Noah's Ark brings grooming to pet area owners' homes
Mobile idea offers business owner, customers flexibility
By Bob Van enkenvoort • firstname.lastname@example.org • December 11, 2007
Stephanie Anderson's version of Noah's Ark has four wheels.
And if Scruffy or Fluffy need to be cleaned and groomed, she'll come to you … suds and all.
Anderson pulled the stakes up from her brick-and-mortar business, Noah's Ark Pet Grooming, 129 N. Broadway, De Pere, earlier this year after operating out of that location for eight years.
"I didn't own the building that I was in," she said. "I had thought about it a couple years ago."
Anderson formerly lived in Arizona and saw that mobile pet grooming was popular.
In fact, it was a neighbor, an owner of a mobile pet grooming service, who encouraged Anderson to seek a job washing animals to get her first experience in pet grooming. She was hired quickly and eventually managed that shop for four years before returning to the area and starting her own business. (She is a 1989 graduate of Pulaski High School.)
"I started my shop with $5,000 and worked two other part-time jobs to get it going," she said.
It didn't take long before she could devote her full energies toward her business.
"It was like six months and I was able to quit my other jobs, but I was very determined to make it work."
After eight years, though, she was looking for something that offered a bit more flexibility.
Instead of being tied down to a business during set hours, she can make her own hours.
"I wanted to do it just for the freedom of being able to travel," she said, as well as working around the schedule of her 9-year-old son, Noah Manders. (The business was named Noah's Ark because of her son's name and her love of animals.)
Typically, she tries to take days off on Sundays and Mondays, and then spreads appointments throughout the rest of the week.
"I liked my shop," she said, "but I like this more."
Anderson hopes it will be more profitable after her specialized mobile van — a three-year-old Ford Econoline specifically built for such a business — is paid off in three years. She also doesn't have rent or upkeep on a building.
In her truck, she washes and air-fluff dries dogs and cats using only natural products. Nails will be trimmed, ears cleaned and deodorized and breath will be freshened. If she observes health problems, she will provide the owner with a written report. For an extra fee, she will pet sit or dog walk as well.
"The dogs really like it," she said. "They like to stare out the window and look at their house."
And many of the pets are already familiar with her.
"I have a lot of customers from my shop so the dogs know me. So the first time I go and get them, they're going, "I know you and why you're here." And then they get in the van and they're all excited like they're going for a car ride … and then I shut they door and they're like, "You tricked me."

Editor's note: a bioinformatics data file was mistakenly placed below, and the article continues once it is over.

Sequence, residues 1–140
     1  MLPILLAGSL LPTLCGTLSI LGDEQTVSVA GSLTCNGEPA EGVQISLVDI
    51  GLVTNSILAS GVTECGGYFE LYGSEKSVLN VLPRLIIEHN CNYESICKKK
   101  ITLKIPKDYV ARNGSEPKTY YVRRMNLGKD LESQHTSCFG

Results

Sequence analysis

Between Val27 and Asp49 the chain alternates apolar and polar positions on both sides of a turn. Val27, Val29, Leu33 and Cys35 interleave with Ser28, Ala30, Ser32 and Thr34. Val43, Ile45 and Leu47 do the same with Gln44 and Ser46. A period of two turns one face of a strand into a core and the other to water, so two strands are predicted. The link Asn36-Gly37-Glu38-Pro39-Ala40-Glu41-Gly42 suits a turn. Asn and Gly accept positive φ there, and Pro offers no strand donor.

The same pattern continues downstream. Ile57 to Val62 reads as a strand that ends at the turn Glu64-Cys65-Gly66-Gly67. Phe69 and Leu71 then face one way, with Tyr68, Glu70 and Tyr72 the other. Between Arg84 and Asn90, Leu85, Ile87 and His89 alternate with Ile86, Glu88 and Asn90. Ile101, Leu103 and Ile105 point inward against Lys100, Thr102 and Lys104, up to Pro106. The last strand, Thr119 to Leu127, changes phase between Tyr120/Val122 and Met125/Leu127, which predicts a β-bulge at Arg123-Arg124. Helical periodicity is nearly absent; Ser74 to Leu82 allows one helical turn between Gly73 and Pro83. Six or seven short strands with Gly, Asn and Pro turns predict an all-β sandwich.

Still, the pets enjoy the one-on-one attention at home, she said.
And customers enjoy the convenience of having the pet groomer come to them.
For example, she said a business owner told her he would have to take 90 minutes out of his day to bring the pet to her shop and come to get it later.
"I think they get better customer service because it's one on one. It's more flexible. They don't have to leave their dogs for three, four, six hours while they're at work and come and rush home," she said.
It's more expensive than bringing the dog to a shop, she said, but customers save time and gas.
"Plus, they get a good grooming," she said.
In the future, Anderson plans to finish her Master Groomer Certificate as well as possibly buy a second mobile pet grooming van and hire an employee or two to handle some of the grooming duties.
To earn the certificate, she will show her grooming skills on toy, working, mixed and sport breeds as well as complete an intensive test.
"Basically, it just means that you know about the breeds and their characteristics and how to handle them and what kind of cuts they get," she said.
In essence, it proves she knows what she's doing.
"I should after 13 years," she said.
The mobile van helps her take her skills to a new level, she added.
"I thought I was a good groomer before, but now they're getting better haircuts because they're washed and dried straight through so their hair is fluffy and really nice to cut. They react better to the whole situation because they know they're home.
"They definitely get better haircuts this way, the whole process is just more personal and a real spa treatment for the pets. They love it!"
Dog and suds are featured in artwork on the outside of the mobile pet-grooming vehicle. Evan Siegle/Press-Gazette
Stephanie Anderson, owner of Noah's Ark Mobile Pet Grooming, had two pieces of advice when asked what she would recommend to others trying to start their own businesses.
"Good customer relations are very important.""Stick to your beliefs and work hard and anyone can achieve their goals."